In the USA, AIM 5-5-5 paragraph a1 specifies when a missed approach is required. I have also heard that a missed approach is required if the aircraft reaches full scale CDI deflection on a localizer course (this old CFI test standards doc from 2001 says it’s recommended in paragraph b).

Where is this requirement written? Is it true for all types of approaches, or only ILS and LOC?


3 Answers 3


The point being, once you've reached a full scale deviation in IMC, there's no telling how much beyond it the airplane has gone. Your USA AIM 5-5-5 is quoted here, and point 'b' is sufficient to conclude an immediate Missed Approach:

5-5-5. Missed Approach
a. Pilot.
1. Executes a missed approach when one of the following conditions exist:

  • (b) Determines that a safe approach or landing is not possible.

With a full scale deviation and the LOC beam narrowing as you approach the RWY, what is the pilot going to steer at low altitude and descending lower in IMC? What is the IFR reference that the pilot would use? A VOR course? An FMC course? A locator beacon (NDB)? Even if these existed, there would have to be an IFR procedure to continue to landing, including revised minimums.

Quoted below are the Elements of a Stabilised Approach, widely accepted as The Gospel by regulators and industry, All manufacturers have incorporated into their procedures, this concept from the Flight Safety Foundation's ALAR 'toolkit':
(ALAR = Approach and Landing Accident Reduction )
(notice too, the applicability to VMC conditions)

Most airlines and other aviation organisations specify minimum acceptable criteria for the continuation of an approach to land. These vary in detail but the following summary published by the Flight Safety Foundation is one view of the important considerations.

Their Approach-and-landing Accident Reduction (ALAR) Briefing Note 7-1 suggests that "all flights must be stabilised by 1000 feet above airport elevation in IMC and 500 feet above airport elevation in VMC. An approach is stabilised when all of the following criteria are met:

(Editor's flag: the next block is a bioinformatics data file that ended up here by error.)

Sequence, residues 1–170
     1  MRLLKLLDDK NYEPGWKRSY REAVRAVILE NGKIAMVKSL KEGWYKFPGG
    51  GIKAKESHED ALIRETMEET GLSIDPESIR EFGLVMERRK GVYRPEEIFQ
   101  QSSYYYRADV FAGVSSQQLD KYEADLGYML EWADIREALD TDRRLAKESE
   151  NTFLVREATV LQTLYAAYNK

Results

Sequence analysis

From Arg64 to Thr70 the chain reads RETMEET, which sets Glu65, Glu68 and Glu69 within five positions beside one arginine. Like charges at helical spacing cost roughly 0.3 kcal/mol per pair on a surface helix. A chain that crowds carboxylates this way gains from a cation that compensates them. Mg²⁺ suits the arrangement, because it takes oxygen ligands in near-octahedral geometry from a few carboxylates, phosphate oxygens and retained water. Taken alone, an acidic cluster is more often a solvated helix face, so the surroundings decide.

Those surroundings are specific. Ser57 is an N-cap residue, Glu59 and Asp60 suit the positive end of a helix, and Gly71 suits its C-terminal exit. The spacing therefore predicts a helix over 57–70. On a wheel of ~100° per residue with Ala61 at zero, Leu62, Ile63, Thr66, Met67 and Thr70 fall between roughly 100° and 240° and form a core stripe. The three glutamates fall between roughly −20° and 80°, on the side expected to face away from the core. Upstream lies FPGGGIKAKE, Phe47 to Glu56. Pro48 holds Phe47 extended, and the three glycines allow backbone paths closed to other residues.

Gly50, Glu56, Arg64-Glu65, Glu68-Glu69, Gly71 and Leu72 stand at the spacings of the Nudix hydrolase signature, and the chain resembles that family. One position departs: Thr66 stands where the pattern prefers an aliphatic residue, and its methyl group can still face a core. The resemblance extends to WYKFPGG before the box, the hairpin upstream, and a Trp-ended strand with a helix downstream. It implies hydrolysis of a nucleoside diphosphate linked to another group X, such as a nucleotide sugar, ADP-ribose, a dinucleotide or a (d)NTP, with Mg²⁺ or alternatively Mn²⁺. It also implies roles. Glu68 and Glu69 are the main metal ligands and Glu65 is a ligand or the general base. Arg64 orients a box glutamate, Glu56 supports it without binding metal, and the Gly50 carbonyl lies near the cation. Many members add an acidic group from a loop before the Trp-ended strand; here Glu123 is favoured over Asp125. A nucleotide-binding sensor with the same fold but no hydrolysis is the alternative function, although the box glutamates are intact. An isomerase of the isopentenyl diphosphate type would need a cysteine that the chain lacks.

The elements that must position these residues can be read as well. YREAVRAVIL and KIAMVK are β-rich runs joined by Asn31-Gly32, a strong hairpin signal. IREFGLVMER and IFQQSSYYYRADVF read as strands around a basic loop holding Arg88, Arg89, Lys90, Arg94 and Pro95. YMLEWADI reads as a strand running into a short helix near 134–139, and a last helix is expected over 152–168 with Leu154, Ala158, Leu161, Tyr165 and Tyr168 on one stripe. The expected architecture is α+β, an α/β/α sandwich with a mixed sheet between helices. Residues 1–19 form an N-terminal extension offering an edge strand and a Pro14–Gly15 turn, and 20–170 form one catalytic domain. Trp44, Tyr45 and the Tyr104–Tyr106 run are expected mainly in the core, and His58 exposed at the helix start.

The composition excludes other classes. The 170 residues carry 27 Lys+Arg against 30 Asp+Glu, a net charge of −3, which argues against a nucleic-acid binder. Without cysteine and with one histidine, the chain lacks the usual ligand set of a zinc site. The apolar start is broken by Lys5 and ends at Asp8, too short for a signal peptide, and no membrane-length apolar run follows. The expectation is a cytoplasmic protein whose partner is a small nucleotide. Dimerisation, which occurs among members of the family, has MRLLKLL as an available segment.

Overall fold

• The aircraft is on the correct flight path
  • Only small changes in heading/pitch are necessary to maintain the correct flight path
  • The airspeed is not more than VREF + 20kts indicated speed and not less than VREF
  • The aircraft is in the correct landing configuration
  • Sink rate is no greater than 1000 feet/minute; if an approach requires a sink rate greater than 1000 feet/minute a special briefing should be conducted
  • Power setting is appropriate for the aircraft configuration and is not below the minimum power for the approach as defined by the operating manual
  • All briefings and checklists have been conducted
  • Specific types of approach are stabilized if they also fulfil the following:
  • ILS approaches must be flown within one dot of the glide-slope and localizer a Category II or III approach must be flown within the expanded localizer band
  • during a circling approach wings should be level on final when the aircraft reaches 300 feet above airport elevation; and,
  • Unique approach conditions or abnormal conditions requiring a deviation from the above elements of a stabilized approach require a special briefing.

An approach that becomes unstabilised below 1000 feet above airport elevation in IMC or 500 feet above airport elevation in VMC requires an immediate go-around.

  • $\begingroup$ This is interesting information, but it does not address whether this is a mandatory requirement by the FAA, and if so where it is written $\endgroup$
    – asb1230
    Commented Jan 5, 2021 at 20:02
  • $\begingroup$ I don't think there is a law or regulation that specifies that because it's more of an airmanship issue. Operators will have a requirement in their SOPs however. This is a good example of that sort of thing taken to an extreme en.wikipedia.org/wiki/First_Air_Flight_6560. $\endgroup$
    – John K
    Commented Jan 5, 2021 at 20:50
  • $\begingroup$ Imagine toodling along being beyond the full deviation at low altitude, blind in IMC. As the person in-charge in the cockpit, I don't think that's an acceptable situation. $\endgroup$
    – skipper44
    Commented Jan 5, 2021 at 23:18
  • $\begingroup$ Well, this would highly depend on when the CDI went to full scale deflection. I would imagine that it would not do this before the minimums. Probably not even before the VDP or even the AER. But, it definitely would for a circling approach. But, that is academic and does not address the actual question posed. $\endgroup$
    – Dean F.
    Commented Jan 6, 2021 at 3:52
  • $\begingroup$ Ironically, I'd edited out the following to make the answer less complex: "Making it more difficult to estimate the deviation is the fact that ILS LOC full scale is normally referenced to the lateral edges of the RWY at the landing Threshold. Thus it varies with RWY length ie, a long RWY has a narrower LOC beam than a short RWY." $\endgroup$
    – skipper44
    Commented Jan 6, 2021 at 4:51

I agree with skipper44's interpretation of the maneuvers for a safe landing being the broad reasoning that if you dont know how far off course you are you cant make a safe landing. I did some more digging and Ill present another option from the FAA that might also satisfy the question.

According to 14 CFR § 91.181 - Course to be flown when operating under IFR you need to be "on course"